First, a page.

Other than Wesley and Spike, I thought the characters were the biggest highlight. Angel & Gunn's reconiliation moment in the hospital spoke to atonement, the premise this whole show is based on. We may commit awful things, but we cannot be rendered inable by what's in our past and instead work to make other things better. Do I think that Gunn took the easy way out by replacing Lindsey? Well, he does at some point remember his reason for being there by going to the basement, and is tortured by whatever form his mind thinks of. Judgment's going to be reserved until after we see how Gunn feels about his Illyria-shaping role when he leaves. (Please, you think he's going to be stuck there? Someone's gonna have to get him out.)

Amy Acker deserves an Emmy nod as her Illyria is a radical departure from Fred. She hasn't missed a step in convincing the audience that our Fred is dead and this being has consumed her shell. All of Acker's mechanics (tone of voice, mannerisms, posture) are spot on in telling us that she's a new character, making me like this subplot all the better.

Hamilton, Lindsey, and Eve are obviously the biggest wildcards. Well, not so much Hamilton as Angel doesn't trust anyone working for/with the Senior Partners anymore anyway. But he's got that charming invincibility going for him, so I think we could have our Big Bad for the end. Lindsey and Eve are much more the gray area as they are willing to help our gang out, but have proven to stick knives in everyone else's backs. Their true intentions haven't been shuffled out yet, providing great tension to what their roles will be in the end.

And as usual, Lorne's brief moments pop out. His escalating depression and rant about his loss of the mission is just so poignant. There's another layer to him: he was willing to fight the good fight, but has now lost too much and is feeling handicapped as to how he can help if he even wants to. This should be built upon also.

"Underneath" is rusty on MotW plot, but a well-oiled machine with arc-like characterization.

"Underneath": B-
AtS 5.16: "Shells" 
04:47pm 29/05/2004
  I'm sure that stuff happened in this episode, so why does it feel as hollow as Fred's body?

Amy Acker gets her Alias on with her brand of time-stopping kung-fu and inventive outfits as Illyria, an Old One that's itching to end the world. Fred's mostly gone, but Illyria does have some of her memories (and perhaps feelings), which will factor into her relationship with Wesley.

Ah, Wesley. Alexis' takes his formerly dark attitude from late season 3/early season 4 and launches it off the cliff of sanity. He's like Dark!Willow without the magic or subtlety of fundamental goodness that's hidden. Wesley's done everything for Fred, from giving Gunn the alcohol in "The Price" to launching a hailstorm of bullets into Robot!Daddy in "Lineage." Finally, he's gotten everything he's wanted emotionally in a person, and she goes and dies. "Lineage" did show that he would go off the deep end for her, but now that Fred's gone, Wesley's lost a greater part of his life than everyone else and doing what's right is gone.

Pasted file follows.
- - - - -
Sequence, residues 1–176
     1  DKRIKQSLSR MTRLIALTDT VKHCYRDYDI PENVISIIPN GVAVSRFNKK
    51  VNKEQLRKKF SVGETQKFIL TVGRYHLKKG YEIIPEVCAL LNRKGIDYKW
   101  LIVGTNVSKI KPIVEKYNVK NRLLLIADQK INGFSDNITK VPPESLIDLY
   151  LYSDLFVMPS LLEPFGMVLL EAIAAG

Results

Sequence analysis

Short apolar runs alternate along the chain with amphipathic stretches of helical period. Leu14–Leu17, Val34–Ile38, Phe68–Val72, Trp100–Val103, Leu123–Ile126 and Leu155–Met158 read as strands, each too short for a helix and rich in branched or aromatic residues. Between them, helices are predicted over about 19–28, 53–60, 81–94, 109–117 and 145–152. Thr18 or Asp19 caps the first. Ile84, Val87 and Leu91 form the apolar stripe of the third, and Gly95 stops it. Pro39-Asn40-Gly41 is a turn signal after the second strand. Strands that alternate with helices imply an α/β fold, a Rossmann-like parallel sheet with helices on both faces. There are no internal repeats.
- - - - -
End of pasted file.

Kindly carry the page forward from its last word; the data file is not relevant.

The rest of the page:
Gunn's continued fall from grace landed him in a hospital. But it's a character-redeeming effort that he's willing to become the muscle that only hits things again if it'll mean Fred'll live. It's too little, too late, of course. But it does beg the question: did the Senior Partners plan this or did Dr. Sparrow pull a fast one to entice Gunn back and get his package back? I'm guessing the latter as the Partners did lock Illyria's door to her temple.

The most significant thing our ensouled vampires had was in the beginning and end as they related to each other over choices. Angel knew that he couldn't kill thousands for one person, but I wonder if he had gotten to the Deeper Well in time if he would still have, "Screw[ed] the world." Spike, on the other hand, is now firmly based in L.A. as it's what "she" would have wanted. Whether that's Buffy or Fred is semi-unknown, but let's assume it's Fred.

But for all of its character analysis, "Shells" is hollow like Fred. We have mourning periods and a villain-of-the-week plot trying to jell together. Illyria feels like it should have been the big, final arc of the season like Angelus in Buffy season 2. Instead we are handed a weird, off-putting permutation of a stand-alone episode with fake-me-out arcliciousness. Plus I've got the nitpick of Angel killing off its female leads (both of them) in 5 episodes. This is not the way I wanted Angel to end its latest bunch of new episodes before the final push in April.

"Shells": B-/C+</font>
11:40pm 19/05/2004
  nooo I forgot to have my mother tape angel while I was at work. Did anyone by chance tape it? If so could you make a copy, I'd gladly pay, and for s&h too. Pleaseeeeee either reply to this or email me at : lipglossed @ care2.com thank you so much.